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Good Boy

In 1990 François Caradec invented “poems for dogs.” A pet’s name is hidden phonetically in each verse; like a dog whistle, it goes unnoticed by the master but makes the dog sit up. Here’s a sample written for Elizabeth Barrett Browning’s cocker spaniel Flush:

My mistress never slights me
When taking outdoor tea.
She brings sweet cake
For her sweet sake,
Rough, luscious bones for me.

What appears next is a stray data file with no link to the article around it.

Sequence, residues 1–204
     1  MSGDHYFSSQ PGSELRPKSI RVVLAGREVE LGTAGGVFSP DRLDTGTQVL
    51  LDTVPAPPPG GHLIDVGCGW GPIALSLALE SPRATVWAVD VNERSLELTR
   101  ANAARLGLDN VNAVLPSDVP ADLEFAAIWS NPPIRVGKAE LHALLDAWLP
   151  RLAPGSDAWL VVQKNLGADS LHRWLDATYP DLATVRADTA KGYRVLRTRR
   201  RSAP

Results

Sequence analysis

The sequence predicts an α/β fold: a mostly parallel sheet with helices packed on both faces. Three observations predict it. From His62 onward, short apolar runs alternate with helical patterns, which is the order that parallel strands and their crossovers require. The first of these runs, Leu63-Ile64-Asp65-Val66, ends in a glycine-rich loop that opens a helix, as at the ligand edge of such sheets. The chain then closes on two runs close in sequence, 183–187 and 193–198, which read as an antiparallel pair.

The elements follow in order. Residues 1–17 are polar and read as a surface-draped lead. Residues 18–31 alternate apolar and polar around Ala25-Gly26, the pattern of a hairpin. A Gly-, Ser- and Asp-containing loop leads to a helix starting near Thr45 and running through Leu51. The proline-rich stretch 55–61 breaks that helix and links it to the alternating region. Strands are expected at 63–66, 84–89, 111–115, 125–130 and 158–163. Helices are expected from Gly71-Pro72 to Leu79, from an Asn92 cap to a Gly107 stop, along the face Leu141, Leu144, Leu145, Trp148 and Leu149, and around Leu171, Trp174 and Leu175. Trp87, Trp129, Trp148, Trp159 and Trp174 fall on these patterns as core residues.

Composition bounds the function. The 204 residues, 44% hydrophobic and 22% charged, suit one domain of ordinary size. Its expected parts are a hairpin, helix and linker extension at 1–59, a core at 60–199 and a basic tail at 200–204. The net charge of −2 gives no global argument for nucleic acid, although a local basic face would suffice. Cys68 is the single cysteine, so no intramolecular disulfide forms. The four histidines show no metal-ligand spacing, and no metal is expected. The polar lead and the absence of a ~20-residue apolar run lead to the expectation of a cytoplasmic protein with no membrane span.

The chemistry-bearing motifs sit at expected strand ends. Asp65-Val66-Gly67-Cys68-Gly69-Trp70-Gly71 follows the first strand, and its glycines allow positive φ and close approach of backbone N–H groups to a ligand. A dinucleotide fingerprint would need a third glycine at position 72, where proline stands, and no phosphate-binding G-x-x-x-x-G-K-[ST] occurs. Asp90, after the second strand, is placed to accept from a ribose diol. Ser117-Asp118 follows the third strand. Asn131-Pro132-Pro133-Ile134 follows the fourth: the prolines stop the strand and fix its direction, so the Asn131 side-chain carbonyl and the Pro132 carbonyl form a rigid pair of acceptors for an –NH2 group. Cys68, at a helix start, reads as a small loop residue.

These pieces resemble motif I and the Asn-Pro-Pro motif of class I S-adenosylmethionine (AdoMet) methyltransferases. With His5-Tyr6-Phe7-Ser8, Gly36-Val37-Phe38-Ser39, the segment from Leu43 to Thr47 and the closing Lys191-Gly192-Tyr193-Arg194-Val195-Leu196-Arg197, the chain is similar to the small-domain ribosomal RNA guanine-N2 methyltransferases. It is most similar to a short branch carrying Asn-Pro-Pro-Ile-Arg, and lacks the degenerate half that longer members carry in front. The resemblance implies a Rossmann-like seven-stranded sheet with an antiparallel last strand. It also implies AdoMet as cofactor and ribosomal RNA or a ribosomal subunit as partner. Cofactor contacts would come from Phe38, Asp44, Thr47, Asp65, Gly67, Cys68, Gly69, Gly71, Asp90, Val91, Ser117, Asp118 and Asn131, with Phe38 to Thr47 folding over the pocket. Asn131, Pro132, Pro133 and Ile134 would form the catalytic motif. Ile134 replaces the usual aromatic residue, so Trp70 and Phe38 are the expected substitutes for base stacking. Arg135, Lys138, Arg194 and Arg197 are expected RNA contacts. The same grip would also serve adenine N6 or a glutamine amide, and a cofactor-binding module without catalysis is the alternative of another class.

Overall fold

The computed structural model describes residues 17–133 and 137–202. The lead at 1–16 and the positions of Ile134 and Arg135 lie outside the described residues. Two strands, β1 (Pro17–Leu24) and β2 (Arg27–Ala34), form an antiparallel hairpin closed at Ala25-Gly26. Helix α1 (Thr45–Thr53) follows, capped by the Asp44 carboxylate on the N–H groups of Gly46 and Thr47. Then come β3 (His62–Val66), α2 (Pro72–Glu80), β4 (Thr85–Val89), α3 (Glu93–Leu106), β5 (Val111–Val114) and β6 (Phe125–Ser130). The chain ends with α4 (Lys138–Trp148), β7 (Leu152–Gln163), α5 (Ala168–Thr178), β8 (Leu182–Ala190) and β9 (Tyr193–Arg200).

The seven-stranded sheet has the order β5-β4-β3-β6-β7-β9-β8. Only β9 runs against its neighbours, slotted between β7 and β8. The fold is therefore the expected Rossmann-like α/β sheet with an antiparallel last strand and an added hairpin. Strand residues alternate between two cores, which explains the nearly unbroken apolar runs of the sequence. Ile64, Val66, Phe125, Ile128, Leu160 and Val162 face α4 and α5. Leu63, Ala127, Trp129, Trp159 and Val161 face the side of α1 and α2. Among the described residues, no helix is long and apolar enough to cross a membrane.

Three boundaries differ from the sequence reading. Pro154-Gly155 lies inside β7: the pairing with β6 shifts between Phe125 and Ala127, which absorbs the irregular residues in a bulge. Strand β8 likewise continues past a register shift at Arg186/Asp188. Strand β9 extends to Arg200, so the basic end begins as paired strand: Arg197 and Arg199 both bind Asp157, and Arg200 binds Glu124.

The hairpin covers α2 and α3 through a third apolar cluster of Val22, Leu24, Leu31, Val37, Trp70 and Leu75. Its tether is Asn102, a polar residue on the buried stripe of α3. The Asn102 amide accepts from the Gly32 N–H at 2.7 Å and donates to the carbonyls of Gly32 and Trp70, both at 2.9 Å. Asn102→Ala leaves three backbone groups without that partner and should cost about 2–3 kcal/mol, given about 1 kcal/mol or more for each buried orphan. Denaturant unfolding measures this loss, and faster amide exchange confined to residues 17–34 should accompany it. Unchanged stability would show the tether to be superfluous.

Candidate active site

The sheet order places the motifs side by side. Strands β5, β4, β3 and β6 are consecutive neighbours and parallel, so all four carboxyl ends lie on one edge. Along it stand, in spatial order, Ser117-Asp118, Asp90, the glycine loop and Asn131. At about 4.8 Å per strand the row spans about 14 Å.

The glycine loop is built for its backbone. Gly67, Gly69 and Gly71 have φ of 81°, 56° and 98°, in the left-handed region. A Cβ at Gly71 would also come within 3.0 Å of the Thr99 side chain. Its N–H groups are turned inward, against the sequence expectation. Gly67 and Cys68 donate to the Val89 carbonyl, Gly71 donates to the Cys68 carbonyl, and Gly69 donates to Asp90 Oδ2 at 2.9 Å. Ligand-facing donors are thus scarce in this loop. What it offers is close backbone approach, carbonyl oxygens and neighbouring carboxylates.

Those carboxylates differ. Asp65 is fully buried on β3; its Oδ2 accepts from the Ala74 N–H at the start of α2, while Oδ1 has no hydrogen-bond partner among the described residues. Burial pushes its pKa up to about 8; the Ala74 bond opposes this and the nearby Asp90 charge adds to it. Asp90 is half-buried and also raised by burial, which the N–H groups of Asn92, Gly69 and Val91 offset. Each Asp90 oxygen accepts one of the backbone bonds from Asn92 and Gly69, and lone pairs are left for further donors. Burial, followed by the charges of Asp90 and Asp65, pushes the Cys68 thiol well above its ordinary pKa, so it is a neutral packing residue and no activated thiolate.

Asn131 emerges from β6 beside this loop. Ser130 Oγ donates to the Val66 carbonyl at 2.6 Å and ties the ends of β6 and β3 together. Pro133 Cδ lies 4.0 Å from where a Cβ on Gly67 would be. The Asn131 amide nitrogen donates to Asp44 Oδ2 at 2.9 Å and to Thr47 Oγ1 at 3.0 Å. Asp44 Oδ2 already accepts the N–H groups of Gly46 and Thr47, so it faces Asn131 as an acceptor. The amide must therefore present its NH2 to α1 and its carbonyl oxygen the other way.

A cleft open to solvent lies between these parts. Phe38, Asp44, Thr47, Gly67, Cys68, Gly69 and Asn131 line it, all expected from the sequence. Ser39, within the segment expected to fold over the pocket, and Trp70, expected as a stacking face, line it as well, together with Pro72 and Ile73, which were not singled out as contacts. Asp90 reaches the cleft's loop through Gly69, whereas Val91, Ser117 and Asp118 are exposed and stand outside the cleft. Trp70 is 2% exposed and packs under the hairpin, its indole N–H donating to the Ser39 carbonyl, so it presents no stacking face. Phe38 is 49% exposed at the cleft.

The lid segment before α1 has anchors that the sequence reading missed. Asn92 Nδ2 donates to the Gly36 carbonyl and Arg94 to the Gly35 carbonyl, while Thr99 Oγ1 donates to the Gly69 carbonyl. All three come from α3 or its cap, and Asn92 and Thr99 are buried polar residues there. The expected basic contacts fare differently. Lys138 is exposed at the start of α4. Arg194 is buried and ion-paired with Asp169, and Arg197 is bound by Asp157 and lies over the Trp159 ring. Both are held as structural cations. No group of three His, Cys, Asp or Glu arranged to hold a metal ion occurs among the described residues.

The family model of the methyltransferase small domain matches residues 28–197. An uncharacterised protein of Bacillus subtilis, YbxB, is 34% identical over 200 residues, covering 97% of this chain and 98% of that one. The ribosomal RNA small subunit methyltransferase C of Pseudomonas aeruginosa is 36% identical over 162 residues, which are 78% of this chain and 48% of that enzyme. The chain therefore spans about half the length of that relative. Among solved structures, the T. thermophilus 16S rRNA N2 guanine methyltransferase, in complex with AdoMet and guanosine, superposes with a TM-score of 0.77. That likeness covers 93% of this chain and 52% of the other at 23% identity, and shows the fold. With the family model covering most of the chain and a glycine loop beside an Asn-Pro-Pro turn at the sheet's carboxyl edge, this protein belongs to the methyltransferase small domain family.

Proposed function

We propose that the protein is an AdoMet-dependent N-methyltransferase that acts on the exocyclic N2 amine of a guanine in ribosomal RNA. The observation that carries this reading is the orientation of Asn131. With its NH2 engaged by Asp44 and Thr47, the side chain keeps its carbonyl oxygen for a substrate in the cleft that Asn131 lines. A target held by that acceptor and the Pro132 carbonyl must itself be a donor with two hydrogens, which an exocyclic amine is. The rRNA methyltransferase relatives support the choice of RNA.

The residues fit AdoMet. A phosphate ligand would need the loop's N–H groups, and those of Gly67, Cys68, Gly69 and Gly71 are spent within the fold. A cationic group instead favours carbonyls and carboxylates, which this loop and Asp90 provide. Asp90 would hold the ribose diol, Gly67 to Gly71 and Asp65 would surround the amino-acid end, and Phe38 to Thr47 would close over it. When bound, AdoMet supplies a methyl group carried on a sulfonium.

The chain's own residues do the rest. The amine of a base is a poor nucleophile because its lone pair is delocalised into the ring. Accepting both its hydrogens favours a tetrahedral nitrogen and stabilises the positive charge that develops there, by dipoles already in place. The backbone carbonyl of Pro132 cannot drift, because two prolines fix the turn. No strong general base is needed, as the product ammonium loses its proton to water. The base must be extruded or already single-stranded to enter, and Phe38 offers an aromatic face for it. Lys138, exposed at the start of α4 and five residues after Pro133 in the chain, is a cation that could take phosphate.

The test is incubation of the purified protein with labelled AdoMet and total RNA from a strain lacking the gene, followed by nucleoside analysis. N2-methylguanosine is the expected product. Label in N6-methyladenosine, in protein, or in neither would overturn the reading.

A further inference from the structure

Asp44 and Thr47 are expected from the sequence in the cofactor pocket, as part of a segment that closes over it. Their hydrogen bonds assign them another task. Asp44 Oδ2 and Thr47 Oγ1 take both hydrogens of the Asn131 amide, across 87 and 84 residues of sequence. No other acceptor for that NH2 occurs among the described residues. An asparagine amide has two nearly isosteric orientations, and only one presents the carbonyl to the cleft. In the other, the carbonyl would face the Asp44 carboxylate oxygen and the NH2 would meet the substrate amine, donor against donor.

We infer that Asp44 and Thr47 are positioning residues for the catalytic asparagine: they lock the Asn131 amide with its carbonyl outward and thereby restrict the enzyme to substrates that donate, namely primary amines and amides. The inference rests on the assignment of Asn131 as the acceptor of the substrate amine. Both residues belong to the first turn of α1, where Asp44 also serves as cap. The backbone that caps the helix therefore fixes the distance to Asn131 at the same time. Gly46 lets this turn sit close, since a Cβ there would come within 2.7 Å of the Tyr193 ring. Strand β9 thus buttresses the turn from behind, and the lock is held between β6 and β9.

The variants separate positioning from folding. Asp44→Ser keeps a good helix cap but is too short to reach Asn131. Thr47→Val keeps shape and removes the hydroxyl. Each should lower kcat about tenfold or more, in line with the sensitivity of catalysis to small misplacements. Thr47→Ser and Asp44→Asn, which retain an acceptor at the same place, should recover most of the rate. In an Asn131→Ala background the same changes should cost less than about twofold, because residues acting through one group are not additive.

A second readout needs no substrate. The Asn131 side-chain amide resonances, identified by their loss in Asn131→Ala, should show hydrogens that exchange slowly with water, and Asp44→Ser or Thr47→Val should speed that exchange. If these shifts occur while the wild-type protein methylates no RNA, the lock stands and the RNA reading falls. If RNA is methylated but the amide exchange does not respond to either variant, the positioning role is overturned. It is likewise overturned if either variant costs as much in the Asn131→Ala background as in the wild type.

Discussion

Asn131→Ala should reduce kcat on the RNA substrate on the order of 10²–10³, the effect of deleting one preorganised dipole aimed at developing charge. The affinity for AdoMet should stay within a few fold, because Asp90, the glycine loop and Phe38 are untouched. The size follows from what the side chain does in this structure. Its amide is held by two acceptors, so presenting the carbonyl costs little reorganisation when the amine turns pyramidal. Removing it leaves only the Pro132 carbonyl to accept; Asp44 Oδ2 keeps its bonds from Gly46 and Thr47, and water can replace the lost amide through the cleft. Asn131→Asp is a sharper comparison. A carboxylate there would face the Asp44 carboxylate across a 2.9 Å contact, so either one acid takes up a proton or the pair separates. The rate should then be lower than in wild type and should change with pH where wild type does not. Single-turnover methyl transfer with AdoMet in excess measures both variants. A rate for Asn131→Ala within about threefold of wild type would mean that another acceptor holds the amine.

Flush was already a bit of a literary celebrity — Barrett Browning composed two poems about him, and Virginia Woolf made him the hero of a whole novel, Flush: A Biography, in 1933. In 1843, after Flush was briefly held for ransom, his mistress wrote, “Oh, and if you had seen him, when he came home & threw himself into my arms … in that dumb inarticulate ecstasy which is so affecting.”